In contrast to other “regular” orchestral libraries, Largo is not a product that gives access to multi-sampled articulations of symphonic instruments, but rather provides you with pre-orchestrated performances or phrases of orchestral sections. Largo’s complex engine allows you to freely choose and blend different phrases as well as to play them back at any key and tempo.


Largo is divided into three main patches or sections: Strings, Woodwinds & Brass. Using phrase slots, each of these sections can hold up to three different phrases which can be played back simultaneously. In order to fill these slots, you can choose from again three different phrase menus labeled High, Mid and Low, each holding around 18 phrases. This allows you to essentially create unique 3-layer multis that interlock and play back orchestral performances in perfect sync. While a patch is initially loaded with one phrase from each register, you could also run three loops of the same register in one patch if you want to.

While this may sound a bit complicated, it really isn’t once you get accustomed to the interface. If you’re owner of one of Sonokinetic’s earlier phrase-based libraries you shouldn’t have any problem at all and feel at home right away.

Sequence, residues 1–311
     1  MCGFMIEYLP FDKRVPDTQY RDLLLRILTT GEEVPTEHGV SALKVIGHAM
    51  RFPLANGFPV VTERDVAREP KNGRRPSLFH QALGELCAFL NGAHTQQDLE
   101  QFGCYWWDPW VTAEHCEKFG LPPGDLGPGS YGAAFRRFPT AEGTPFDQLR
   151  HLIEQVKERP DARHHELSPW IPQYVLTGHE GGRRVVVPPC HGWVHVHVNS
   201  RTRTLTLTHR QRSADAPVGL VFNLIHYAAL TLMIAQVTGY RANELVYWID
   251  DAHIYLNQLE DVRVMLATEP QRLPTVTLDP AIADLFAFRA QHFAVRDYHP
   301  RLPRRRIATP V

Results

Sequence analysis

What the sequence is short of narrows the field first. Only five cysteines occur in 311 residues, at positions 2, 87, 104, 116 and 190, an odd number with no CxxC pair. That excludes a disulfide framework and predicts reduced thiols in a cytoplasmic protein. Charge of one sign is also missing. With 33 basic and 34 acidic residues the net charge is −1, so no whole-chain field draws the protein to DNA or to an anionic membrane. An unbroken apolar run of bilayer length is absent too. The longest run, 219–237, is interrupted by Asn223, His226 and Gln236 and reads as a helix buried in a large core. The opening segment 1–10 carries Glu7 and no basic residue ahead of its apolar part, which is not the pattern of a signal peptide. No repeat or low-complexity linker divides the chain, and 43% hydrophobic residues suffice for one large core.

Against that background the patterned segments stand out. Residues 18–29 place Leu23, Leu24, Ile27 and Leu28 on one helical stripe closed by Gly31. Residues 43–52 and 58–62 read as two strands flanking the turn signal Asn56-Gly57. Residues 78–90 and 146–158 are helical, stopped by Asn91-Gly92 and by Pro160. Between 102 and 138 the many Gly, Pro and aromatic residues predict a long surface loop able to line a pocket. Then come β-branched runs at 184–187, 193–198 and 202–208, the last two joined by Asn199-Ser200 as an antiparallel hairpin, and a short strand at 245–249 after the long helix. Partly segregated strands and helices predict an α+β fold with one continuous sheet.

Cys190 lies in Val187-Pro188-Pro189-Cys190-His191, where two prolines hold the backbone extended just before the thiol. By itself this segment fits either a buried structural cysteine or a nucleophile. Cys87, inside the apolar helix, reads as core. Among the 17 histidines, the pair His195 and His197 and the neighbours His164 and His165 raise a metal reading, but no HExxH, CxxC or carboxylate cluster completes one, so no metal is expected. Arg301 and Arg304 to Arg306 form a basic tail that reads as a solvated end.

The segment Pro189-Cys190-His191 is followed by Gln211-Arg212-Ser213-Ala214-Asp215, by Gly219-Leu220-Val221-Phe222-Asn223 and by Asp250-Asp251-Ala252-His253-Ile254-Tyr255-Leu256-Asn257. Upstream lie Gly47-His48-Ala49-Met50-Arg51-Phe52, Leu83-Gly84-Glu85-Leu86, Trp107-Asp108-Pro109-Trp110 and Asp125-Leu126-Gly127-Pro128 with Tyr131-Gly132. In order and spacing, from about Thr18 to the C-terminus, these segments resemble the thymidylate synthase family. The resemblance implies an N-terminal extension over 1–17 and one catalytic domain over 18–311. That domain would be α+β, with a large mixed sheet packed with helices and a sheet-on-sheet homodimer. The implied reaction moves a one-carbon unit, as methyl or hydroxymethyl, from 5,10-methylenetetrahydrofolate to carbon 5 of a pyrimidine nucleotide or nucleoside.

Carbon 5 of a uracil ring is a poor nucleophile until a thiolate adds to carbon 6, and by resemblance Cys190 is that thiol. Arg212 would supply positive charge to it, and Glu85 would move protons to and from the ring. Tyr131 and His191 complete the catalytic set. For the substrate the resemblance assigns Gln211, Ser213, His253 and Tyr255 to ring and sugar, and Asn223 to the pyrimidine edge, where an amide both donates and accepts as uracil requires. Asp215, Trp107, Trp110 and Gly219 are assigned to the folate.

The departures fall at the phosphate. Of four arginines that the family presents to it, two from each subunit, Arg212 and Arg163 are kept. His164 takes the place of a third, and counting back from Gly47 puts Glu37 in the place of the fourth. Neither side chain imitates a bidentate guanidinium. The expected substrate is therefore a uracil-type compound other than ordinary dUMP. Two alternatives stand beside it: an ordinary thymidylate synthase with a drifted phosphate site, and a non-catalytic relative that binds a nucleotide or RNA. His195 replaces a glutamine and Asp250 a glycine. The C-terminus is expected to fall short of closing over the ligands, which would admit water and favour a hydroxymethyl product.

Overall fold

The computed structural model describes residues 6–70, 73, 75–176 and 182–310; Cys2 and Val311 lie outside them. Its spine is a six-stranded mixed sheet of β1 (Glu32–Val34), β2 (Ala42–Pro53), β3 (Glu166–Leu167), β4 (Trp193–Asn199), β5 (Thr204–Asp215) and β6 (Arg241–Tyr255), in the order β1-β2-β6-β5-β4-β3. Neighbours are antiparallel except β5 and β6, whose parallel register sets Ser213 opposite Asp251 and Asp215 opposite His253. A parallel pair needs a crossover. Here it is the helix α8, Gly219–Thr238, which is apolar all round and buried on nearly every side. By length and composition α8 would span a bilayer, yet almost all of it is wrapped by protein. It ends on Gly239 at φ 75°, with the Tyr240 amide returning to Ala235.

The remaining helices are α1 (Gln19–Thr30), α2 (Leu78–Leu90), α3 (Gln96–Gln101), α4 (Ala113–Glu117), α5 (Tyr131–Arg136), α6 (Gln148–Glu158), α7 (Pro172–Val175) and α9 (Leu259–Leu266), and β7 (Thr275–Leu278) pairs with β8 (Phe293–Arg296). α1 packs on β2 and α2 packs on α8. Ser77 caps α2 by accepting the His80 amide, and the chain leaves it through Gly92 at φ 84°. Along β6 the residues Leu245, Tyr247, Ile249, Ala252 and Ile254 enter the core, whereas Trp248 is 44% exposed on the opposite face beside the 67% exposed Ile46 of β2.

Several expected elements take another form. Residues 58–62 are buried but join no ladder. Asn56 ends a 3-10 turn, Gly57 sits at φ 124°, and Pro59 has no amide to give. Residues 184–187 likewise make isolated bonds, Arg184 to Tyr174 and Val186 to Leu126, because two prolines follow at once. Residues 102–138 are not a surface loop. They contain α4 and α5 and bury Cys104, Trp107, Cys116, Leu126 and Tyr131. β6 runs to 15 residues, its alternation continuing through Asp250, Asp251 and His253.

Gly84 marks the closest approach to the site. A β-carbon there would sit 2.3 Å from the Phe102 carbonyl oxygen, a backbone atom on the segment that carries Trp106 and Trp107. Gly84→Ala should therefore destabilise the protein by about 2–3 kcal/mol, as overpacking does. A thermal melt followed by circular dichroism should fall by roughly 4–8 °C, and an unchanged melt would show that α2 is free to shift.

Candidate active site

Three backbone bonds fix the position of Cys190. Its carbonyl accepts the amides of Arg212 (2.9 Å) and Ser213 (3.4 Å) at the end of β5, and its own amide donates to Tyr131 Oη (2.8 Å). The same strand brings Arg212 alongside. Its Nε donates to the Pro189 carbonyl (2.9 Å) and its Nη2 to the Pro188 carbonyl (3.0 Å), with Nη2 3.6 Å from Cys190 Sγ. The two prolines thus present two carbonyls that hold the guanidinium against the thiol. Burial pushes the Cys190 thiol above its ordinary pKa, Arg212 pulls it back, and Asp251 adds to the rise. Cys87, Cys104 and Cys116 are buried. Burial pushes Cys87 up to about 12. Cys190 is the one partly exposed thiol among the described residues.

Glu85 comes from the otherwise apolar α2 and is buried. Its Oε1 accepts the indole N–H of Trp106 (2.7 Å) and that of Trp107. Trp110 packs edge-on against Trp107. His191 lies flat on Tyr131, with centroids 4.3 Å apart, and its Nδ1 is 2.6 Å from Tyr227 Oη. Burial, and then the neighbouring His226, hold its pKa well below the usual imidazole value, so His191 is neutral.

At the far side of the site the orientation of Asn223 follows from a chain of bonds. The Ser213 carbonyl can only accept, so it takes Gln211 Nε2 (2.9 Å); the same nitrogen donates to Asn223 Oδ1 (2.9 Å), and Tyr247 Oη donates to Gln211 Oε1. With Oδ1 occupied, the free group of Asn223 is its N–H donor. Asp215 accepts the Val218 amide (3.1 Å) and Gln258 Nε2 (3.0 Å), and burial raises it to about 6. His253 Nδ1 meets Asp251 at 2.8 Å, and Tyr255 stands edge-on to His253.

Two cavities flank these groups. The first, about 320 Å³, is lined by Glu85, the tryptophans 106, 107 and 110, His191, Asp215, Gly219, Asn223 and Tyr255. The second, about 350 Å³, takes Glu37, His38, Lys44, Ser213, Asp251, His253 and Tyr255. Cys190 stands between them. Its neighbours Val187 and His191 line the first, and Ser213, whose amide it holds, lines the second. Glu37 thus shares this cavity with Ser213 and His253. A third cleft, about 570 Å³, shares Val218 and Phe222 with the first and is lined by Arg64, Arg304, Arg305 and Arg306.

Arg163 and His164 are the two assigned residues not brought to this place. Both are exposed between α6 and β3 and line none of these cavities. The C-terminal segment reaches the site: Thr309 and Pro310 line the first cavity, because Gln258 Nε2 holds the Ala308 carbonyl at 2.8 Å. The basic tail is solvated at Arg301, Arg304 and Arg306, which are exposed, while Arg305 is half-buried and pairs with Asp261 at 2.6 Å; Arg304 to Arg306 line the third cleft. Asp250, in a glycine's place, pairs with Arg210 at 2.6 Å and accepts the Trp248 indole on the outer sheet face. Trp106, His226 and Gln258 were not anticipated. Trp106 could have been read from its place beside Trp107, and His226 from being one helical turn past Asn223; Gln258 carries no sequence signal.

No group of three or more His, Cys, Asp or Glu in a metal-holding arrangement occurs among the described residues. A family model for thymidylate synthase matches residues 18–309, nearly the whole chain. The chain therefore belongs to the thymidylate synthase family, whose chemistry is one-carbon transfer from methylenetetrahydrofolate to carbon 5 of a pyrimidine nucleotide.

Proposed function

To let Largo’s majestic sounds ring, all you have to do is press three-note chords on the lower half of your keyboard (C1-G2). Largo’s engine will analyze the keys and automatically assigns all the phrases and registers accordingly. This is a great way to come up with great sounding and readily available cue starters or harmonic beds.


As long as you hold a given chord or keep your foot on the sustain pedal, the phrases of your choice will keep playing back and loop infinitely. The moment you change a chord, Largo’s engine will transition into it and keep playing back at the new tuning until you change chords again. Here are some of the engine’s useful features to help you simplify the performance and for making chord changes sound more realistic:

The first one is a function called Voice-Leading. As long as one note of a chord you triggered is held, the engine will keep playing the full chord. This frees up some fingers to transition into a new chord more easily and with no gap between the phrases.